As SLO County Superior Court Judge Craig Van Rooyen dismissed the felony voter fraud case against California Valley Community Services District (CSD) President Lisa Marrone, he added a caveat.
“I don’t fault the District Attorney’s Office for investigating this matter,” he told the District 7 courtroom. “It was a close call.”
The issues on the table were whether Marrone had knowingly lied on voter registration forms in 2015 and what constitutes a place of residence for the purposes of both voter registration and holding public office. Both are more complicated than they sound.
Deputy District Attorney Lee Cunningham argued in court briefs and at a preliminary hearing that Marrone doesn’t live at her property on Belmont Trail in the California Valley, and therefore it shouldn’t be considered her place of domicile for voter registration purposes. Hence, she shouldn’t have run as a candidate to serve on the CSD board.
Marrone’s attorney, Barry Kinman, argued that his client has considered herself a resident and active member of the California Valley for the past 30 years. He added that although she spends a significant portion of her time—and nights—in Paso Robles to take care of her mobile oil-changing business, she consistently returns to the California Valley and believes it to be home.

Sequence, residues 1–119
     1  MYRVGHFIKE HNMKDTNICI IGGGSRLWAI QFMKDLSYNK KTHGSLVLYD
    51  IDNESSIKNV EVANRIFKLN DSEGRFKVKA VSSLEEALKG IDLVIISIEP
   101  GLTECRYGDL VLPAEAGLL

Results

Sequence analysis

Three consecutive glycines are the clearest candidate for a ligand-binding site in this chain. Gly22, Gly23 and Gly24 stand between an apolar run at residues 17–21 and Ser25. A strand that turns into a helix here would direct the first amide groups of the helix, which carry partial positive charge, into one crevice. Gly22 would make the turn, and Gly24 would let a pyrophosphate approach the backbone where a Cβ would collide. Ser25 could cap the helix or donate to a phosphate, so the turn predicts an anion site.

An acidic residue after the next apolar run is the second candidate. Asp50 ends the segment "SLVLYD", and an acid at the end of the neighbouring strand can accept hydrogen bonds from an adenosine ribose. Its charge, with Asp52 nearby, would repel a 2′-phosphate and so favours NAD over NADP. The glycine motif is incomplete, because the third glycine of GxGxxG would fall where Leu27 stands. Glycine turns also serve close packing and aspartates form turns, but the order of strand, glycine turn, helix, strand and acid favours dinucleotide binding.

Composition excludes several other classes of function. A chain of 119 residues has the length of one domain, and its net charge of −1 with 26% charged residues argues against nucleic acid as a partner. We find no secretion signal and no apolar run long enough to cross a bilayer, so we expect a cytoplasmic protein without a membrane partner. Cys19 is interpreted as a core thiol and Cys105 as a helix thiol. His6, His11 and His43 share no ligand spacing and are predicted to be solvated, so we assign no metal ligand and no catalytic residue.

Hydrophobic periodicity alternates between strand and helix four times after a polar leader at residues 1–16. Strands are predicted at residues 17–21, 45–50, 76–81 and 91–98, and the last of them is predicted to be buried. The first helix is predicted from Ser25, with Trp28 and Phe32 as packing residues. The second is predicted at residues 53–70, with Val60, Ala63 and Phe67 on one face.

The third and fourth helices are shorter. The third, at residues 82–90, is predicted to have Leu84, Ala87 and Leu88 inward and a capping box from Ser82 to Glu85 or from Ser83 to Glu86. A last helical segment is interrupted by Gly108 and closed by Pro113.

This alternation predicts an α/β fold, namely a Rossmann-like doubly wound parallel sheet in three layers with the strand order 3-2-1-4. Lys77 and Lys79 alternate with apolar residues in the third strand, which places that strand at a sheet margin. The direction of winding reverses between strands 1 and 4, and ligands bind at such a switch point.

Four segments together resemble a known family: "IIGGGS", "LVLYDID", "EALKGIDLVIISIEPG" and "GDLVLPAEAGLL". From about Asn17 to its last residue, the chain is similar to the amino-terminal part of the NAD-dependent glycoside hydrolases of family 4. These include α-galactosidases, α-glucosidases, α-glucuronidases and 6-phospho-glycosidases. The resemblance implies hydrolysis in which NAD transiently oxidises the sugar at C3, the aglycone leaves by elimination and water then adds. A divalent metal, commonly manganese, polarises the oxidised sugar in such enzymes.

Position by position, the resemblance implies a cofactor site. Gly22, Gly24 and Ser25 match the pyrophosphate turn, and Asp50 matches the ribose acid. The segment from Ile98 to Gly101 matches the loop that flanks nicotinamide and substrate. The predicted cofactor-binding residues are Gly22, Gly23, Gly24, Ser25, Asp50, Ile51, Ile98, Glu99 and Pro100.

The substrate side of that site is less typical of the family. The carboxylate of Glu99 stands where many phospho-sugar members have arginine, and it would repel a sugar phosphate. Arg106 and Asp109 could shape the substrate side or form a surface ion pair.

In 2012, Marrone sold her residence in the California Valley, but still owned other properties in the area—both rentals and a parcel on Belmont Trail where she was building a home (the build-out was recently completed). She served as the California Valley’s Cal Fire station caption in the 1980s and early ’90s and has participated as a community member and off and on as a board member ever since.
“People can see that she has longstanding ties in the California Valley,” Rooyen said during the hearing. He said there was insufficient evidence to prove that Marrone lied about her place of residence or to prove that her domicile is elsewhere.
“I’m ecstatic,” Marrone told New Times after the decision.
Cunningham wasn’t quite as thrilled with the outcome.
“Although we disagree with the judge’s ruling, law is rarely black and white,” he said.
The DA’s Office is pursuing a similar case against California Valley CSD member Misty May Lambert, and that’s scheduled for a preliminary hearing on Nov. 8.
“These cases are factually based, and Ms. Lambert’s case relies on a different set of facts,” Cunningham said. “It will be evaluated on its own merits.”